elsewhere.  (Cf. Matthew 10:34-36; 16:1-2) So there must have been a
certain collective memory of Jesus' teaching that the end of the age would
involve harsh judgment and division.  Were Jesus and Luke not being as
realistic as any observant person should have been, given the tenuous state
of affairs at the time when they lived? 

John Dominic Crossan presents a novel approach in limiting the actual words
of Jesus to the aphorism about a divided household.  He notes that the
division is not dependent on faith in the reign of God or on Jesus himself. 
He also points to the emphasis on generations rather than gender.  He
suggests that the reign of God's love tears families apart along the axis
of power, particularly power that is abused as parental power has often

Another progressive scholar, Bruce Chilton, frequently presents Jesus as
very abrasive in his teaching style.  If this is what the anticipated
messianic kingdom would be like, this teaching would inevitably raise
considerable controversy in his audience.  Ever ready for an argument on
some fine point of the Torah or its implications for daily life, the Jews
were notorious for the fervor with which they debated and re-debated each
issue a new rabbi defined.  

On the other hand, we have to deal with the incredulity of the modern
western mind.  Eschatology is as far from our concerns as the Middle
Eastern terrorism and African tribal conflicts during our August vacation. 
How do we interpret these strange words for those who meet us in the
comfortable pews week by week but who underneath their facade of
sophistication have real anxieties about the future? Perhaps the answer
lies in the phrase that ends this passage, "to interpret the present time,"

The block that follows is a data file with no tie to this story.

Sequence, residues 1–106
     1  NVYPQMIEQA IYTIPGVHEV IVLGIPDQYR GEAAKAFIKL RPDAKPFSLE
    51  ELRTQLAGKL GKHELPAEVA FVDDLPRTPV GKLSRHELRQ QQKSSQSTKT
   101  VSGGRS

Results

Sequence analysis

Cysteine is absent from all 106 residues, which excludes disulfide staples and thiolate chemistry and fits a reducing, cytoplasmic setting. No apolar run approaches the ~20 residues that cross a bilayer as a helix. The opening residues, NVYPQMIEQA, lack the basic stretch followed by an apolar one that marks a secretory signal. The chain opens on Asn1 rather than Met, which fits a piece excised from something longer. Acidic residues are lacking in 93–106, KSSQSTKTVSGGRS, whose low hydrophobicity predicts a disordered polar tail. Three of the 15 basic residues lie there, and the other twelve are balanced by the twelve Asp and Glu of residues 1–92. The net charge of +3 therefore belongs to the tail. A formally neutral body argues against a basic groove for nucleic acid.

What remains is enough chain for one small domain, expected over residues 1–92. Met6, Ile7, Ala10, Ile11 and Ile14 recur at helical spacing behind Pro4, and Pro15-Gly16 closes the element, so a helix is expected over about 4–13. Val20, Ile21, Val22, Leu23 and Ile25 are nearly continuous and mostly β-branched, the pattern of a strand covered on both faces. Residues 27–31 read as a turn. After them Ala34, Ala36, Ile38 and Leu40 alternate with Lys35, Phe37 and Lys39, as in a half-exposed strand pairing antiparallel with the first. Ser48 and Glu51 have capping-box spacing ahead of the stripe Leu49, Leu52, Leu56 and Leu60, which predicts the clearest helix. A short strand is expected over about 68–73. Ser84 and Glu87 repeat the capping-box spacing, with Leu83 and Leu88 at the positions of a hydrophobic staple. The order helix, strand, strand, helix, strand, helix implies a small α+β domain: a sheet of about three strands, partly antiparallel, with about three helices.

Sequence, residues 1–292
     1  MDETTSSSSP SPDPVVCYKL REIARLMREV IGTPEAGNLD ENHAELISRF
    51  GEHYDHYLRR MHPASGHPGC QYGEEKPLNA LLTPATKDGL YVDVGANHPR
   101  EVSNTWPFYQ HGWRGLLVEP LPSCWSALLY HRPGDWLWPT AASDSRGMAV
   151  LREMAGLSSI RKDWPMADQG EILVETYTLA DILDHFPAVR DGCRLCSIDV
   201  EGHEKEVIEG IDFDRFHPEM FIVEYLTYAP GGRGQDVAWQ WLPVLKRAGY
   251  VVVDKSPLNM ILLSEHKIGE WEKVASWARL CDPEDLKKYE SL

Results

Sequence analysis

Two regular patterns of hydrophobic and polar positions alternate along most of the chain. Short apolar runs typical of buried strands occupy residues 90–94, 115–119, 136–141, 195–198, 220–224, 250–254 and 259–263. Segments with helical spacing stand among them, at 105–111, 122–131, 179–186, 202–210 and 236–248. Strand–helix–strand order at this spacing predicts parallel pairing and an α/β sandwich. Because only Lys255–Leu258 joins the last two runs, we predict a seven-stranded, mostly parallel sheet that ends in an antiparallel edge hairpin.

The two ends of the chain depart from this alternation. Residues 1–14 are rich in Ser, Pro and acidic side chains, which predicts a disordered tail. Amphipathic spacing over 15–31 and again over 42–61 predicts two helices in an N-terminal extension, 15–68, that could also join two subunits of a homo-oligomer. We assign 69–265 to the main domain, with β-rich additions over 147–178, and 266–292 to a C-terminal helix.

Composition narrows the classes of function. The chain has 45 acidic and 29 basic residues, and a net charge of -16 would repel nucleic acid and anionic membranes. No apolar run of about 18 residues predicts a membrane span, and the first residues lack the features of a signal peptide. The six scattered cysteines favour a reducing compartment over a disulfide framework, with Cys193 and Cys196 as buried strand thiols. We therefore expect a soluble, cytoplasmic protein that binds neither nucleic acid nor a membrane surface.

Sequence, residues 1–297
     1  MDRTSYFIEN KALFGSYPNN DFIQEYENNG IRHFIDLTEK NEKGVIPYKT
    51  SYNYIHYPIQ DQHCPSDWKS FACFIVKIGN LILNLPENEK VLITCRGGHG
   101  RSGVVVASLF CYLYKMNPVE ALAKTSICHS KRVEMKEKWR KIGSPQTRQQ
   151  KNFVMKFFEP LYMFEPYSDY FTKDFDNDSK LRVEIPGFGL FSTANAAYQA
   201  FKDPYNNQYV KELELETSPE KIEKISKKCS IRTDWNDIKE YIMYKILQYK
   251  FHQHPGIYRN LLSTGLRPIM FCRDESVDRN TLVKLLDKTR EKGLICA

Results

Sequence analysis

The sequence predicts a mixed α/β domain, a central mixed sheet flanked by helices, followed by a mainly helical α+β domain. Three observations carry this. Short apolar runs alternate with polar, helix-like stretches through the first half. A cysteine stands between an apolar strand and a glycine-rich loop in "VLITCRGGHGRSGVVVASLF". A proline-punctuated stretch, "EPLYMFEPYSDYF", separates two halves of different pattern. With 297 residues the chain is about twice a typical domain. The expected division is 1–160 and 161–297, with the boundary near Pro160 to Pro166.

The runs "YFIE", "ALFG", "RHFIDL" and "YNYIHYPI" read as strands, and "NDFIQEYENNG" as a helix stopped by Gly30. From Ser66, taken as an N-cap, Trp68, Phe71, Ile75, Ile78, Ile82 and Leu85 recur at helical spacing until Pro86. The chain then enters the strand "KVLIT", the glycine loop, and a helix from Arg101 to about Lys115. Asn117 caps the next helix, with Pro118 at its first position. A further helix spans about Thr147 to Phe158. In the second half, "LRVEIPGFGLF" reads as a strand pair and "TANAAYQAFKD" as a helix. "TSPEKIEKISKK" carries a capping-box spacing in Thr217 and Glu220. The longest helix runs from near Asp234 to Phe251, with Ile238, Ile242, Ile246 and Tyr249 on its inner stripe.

(cf. NEB "this fateful hour") as Jesus and Luke did in their time.  Is God
not saying something to us in the events of our own time? 
In 1949 when Mao Ze-Dong had led the Communists in triumph into Beijing,
the late Professor J.S. Thomson said to a class discussing what the meaning
of that event might be, "Who knows what will happen if the Chinese people
decide to move?" More than fifty years later, one in every five persons on
this planet is Chinese.  Is this what President George W. Bush has in mind
when he uses the phrase "some rogue nation" or describes the threat for
which he wants the American military to be armed with dazzling new weapons
in space? Is divine sovereignty not the essential point of this passage? 
"We are not alone.  We live in God's world."


JEREMIAH 23:23-29   It remains a mystery why the reading has been
terminated at vs. 29 rather than At the natural end of the oracle and
chapter (vs. 40) or at the end of a paragraph (vs. 32) in the NRSV.  The
whole passage conveys Jeremiah's to fierce tone of divine condemnation
against the many false prophets of his time.

The burden of Jeremiah's message is that these false prophets have
completely misunderstood who Yahweh really is.  Yahweh is not some
neighbourhood deity who reigns over a small hilltop sanctuary or one sends
propitious dreams promising good favour.  Instead, the word of Yahweh to
the true prophet is as different as wheat from straw (vs. 28c). The dreams
of the false prophets lead people astray, providing no benefit for them.

Reading this passage recalls the plethora of television and radio
evangelists and prophets one can tune in to almost any day of the week.
Their broadcasts  outnumber those of more careful and helpful analysts and
religious commentators many times over.  Their message has more to do with
a political agenda or making a profit from their audience than proclaiming
the good news of God's love in Christ.

PSALM 82   The emphasis on social justice rooted in the prophetic awareness
of a just and righteous God manifests itself in this short poem.  But these
few verses depict an unusual scene.

Like the introduction to the Book of Job (Job 1:6), vs. 1 portrays a
heavenly council over which Yahweh presides.  Yahweh addresses the
assembled "gods" or "children of the Most High." This phrase appears only
in Job and Genesis 6:2, 4.  They seem to be heavenly beings exercising some
authority on earth.  Yahweh excoriates them for aiding and abetting
injustice among the people by favouring the wicked.  They have failed to do
due diligence in helping the poor and weak who have no knowledge or
understanding.  Failure to do what is required will bring death to these 
"children of the Most High." 

The psalm ends with a prophetic call for Yahweh to judge the earth over
which Yahweh alone reigns.  

copyright  - Comments by Rev. John Shearman and page by Richard J. Fairchild, 2006, 2004
            please acknowledge the appropriate author if citing these resources.